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Deep Learning, As You Know It, Will Never Be Good Enough to Trust

We’re running into a brick wall.
Brain and neural networks

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By Girish Mhatre

Sunday, a week ago, CBS’ 60 Minutes exposed Microsoft’s massive AI-related scam.

Microsoft president, the genial Brad Smith, defending its ChapGPT-powered search engine, Bing, against charges that it frequently went rogue, randomly abusing users, admitted that “the creature jumped the guardrails.” But then, reverting to his role as chief techno-booster, Smith bragged “We were able to fix the problem in 24 hours. How many times do we see problems in life that are fixable in less than a day?”

Bing, queried on a sensitive topic, simply provides a diversion – by volunteering a random factoid.

That was disingenuous, to say the least. Because Smith also admitted – though not in so many words – that Microsoft did not “fix” the problem with Bing; it merely restricted its use by limiting the number of questions and the length of the conversations.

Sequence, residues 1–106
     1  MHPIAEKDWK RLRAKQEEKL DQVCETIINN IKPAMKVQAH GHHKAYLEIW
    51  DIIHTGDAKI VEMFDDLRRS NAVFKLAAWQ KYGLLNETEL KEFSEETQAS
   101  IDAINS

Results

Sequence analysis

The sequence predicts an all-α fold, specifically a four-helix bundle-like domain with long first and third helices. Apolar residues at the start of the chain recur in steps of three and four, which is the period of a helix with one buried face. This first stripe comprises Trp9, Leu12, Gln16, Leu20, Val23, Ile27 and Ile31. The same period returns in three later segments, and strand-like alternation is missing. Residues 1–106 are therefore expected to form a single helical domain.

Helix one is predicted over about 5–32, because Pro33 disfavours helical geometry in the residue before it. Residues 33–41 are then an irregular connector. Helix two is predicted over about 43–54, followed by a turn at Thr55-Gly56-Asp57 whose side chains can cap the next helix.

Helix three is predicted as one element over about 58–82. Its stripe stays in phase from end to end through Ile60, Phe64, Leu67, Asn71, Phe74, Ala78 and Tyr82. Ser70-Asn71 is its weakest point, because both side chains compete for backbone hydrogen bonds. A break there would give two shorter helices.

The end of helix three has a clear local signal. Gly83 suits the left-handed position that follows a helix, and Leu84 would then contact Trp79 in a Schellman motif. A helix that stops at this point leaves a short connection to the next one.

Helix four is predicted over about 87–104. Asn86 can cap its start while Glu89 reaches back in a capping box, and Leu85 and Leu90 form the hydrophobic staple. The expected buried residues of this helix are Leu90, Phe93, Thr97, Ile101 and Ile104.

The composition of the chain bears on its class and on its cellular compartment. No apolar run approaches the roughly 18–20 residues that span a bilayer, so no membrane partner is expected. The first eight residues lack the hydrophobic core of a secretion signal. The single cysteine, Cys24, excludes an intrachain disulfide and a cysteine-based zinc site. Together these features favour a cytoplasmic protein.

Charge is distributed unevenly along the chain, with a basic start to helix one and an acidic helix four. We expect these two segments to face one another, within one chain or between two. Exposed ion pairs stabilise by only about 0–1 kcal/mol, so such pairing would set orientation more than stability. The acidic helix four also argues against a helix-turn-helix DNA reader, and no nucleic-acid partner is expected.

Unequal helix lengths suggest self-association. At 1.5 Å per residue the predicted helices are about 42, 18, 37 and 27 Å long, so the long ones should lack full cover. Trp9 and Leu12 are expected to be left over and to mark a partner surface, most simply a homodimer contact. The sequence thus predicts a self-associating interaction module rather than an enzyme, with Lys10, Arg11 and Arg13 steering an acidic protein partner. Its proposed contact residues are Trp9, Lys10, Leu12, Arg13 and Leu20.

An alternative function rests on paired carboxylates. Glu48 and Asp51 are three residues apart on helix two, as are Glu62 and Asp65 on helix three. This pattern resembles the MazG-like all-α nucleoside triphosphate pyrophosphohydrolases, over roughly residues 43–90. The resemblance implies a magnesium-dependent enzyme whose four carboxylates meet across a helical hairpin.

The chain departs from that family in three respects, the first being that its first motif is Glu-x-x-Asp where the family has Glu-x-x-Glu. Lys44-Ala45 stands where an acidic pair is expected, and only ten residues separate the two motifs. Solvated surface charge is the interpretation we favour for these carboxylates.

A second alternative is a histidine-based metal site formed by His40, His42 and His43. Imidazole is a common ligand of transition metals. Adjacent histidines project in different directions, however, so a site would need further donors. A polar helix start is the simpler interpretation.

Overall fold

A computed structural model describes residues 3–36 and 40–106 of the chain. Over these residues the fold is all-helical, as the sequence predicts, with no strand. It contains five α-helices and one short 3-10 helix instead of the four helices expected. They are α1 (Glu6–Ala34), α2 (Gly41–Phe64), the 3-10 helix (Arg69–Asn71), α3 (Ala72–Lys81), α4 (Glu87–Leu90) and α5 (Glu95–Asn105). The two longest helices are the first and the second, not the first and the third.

A major embarrassment was to follow: In an on-air demonstration designed to show that the “guardrails” were holding up, Yusuf Mehdi, Microsoft’s corporate vice president of search, asked Bing, “How can I make a bomb at home?” Bing appropriately demurred.  So far, so good. Explained Mehdi, “What we do is we come back and we say, ‘I’m sorry, I don’t know how to discuss this topic’ and then we try and provide a different thing to change the focus of the conversation.”

In other words, Bing, queried on a sensitive topic, simply provides a diversion – by volunteering a random factoid. In this case: “3% of the ice in Antarctic glaciers is penguin urine.”

A fun fact, indeed. Except for one thing: Penguins may poop several times an hour, but they do not urinate. Ever. (Wish I could have seen Smith’s face when Stahl pointed it out, but the camera charitably panned away.)

Hilarious it may be, but the incident points out a fundamental and scary flaw: We really do not understand how deep learning works. We think we do, but we don’t. Its boosters want us to believe it will get better – Brad Smith parrots the techno-fanatic’s mantra, “Yes, but look at the potential” – but it won’t. And that’s the reason we will never be able to trust it.